Finance Minister[edit]

McConnell was elected an MSP in the first Scottish Parliament elections in 1999. He was appointed Minister for Finance in the new Scottish Executive by then-First Minister Donald Dewar. One of his first moves as Finance Minister was to establish the budgeting procedures for the new Scottish Executive, including publishing a consultation document asking the public and MSPs how the budget should be spent. His department also passed the Public Finance and Accountability (Scotland) Act 2000 through Parliament, which set out the finance and auditing procedures of the Executive.[3]

Education, Europe and External Affairs[edit]

On 11 October 2000 Donald Dewar died of a brain haemorrhage. After the Labour leadership intervened to stop the Enterprise Minister Henry McLeish being appointed Dewar’s successor without a vote, McConnell decided to stand in the leadership contest. The election was held on Saturday 21 October, only 72 hours after Dewar’s funeral and the surprise result saw McConnell defeated with 36 votes to Henry McLeish’s 44 votes.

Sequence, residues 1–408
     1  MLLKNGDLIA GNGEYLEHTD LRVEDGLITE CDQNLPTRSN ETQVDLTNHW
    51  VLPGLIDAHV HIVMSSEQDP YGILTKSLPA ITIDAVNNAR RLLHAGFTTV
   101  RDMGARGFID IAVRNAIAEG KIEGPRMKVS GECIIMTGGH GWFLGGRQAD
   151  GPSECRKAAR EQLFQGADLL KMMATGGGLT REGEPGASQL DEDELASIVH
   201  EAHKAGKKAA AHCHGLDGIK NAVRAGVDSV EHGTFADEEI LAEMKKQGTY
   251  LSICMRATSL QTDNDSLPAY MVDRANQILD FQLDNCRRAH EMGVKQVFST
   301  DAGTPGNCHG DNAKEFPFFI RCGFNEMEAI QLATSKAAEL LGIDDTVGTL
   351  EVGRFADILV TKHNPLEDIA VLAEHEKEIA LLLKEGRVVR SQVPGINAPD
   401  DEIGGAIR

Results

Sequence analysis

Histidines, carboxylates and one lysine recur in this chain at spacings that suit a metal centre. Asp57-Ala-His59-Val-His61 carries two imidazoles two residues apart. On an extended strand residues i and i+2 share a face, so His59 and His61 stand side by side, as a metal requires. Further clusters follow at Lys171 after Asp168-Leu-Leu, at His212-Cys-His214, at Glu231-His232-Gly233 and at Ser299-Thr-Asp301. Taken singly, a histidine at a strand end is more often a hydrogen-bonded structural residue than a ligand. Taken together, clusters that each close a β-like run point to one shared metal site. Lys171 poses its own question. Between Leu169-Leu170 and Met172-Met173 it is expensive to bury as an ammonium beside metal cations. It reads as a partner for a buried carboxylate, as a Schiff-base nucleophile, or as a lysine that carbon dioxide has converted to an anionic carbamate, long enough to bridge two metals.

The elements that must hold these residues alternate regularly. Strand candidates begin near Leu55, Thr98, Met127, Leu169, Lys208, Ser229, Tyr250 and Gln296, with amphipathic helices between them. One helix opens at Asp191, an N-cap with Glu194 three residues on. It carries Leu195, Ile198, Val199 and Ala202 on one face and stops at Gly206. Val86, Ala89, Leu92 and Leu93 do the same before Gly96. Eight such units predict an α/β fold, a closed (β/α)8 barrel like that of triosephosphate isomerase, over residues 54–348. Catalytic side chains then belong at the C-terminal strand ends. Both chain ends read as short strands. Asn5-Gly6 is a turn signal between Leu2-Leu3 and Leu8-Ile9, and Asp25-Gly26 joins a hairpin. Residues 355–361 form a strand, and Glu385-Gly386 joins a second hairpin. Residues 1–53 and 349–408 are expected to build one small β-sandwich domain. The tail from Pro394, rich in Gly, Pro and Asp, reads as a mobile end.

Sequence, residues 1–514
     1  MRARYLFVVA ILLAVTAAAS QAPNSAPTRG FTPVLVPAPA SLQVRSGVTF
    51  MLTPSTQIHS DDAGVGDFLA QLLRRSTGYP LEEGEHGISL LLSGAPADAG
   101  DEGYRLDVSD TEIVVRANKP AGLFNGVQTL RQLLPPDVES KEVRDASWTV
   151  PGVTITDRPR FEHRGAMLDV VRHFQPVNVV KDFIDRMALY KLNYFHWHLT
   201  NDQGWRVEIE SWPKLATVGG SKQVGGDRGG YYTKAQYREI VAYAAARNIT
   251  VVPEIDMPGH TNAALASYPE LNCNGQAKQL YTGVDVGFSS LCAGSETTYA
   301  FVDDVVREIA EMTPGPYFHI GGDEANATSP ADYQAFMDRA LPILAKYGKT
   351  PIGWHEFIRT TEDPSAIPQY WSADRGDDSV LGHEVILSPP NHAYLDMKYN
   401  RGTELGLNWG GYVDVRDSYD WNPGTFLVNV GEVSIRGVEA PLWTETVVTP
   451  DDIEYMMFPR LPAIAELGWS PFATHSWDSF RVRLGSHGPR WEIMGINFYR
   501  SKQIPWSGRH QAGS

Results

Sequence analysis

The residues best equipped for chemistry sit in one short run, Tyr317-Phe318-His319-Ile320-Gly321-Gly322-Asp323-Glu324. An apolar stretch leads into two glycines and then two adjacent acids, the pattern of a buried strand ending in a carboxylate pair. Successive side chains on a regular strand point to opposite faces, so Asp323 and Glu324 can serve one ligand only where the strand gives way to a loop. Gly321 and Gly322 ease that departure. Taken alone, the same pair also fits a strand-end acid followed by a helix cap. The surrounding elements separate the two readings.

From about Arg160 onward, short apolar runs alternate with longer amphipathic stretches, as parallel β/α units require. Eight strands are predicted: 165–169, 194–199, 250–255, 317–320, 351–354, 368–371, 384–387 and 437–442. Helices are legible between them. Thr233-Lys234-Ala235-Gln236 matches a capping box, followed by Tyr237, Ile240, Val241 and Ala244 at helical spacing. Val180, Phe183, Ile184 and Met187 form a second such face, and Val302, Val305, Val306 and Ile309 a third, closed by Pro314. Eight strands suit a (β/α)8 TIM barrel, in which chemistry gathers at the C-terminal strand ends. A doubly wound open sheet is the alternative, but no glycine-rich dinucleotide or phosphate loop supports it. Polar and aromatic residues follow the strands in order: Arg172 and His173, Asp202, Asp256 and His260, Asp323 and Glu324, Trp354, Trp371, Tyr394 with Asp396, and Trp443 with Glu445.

McLeish appointed him Minister for Education, Europe and External Affairs.[4] Some analysts considered this post to be a "poisoned chalice", as he would be required to resolve both a crisis in the Scottish Qualifications Authority over exam marking, and pay disputes with the teaching unions.[5]

In August 2000, prior to Jack McConnell’s appointment as Education Minister, Scotland's national exams system was plunged into chaos when 5,000 students get the wrong exam results. Immediately following his appointment as Education Minister Jack McConnell appointed a new board for the Scottish Qualifications Authority (SQA) and introduced significant changes to the way the agency worked. The marking of the 2001 exams was a success. He introduced a new pay and conditions package for Scottish teachers and the largest ever investment in schools buildings. He also established the Scottish government’s first external relations and European strategy.

First attempt to become First Minister[edit]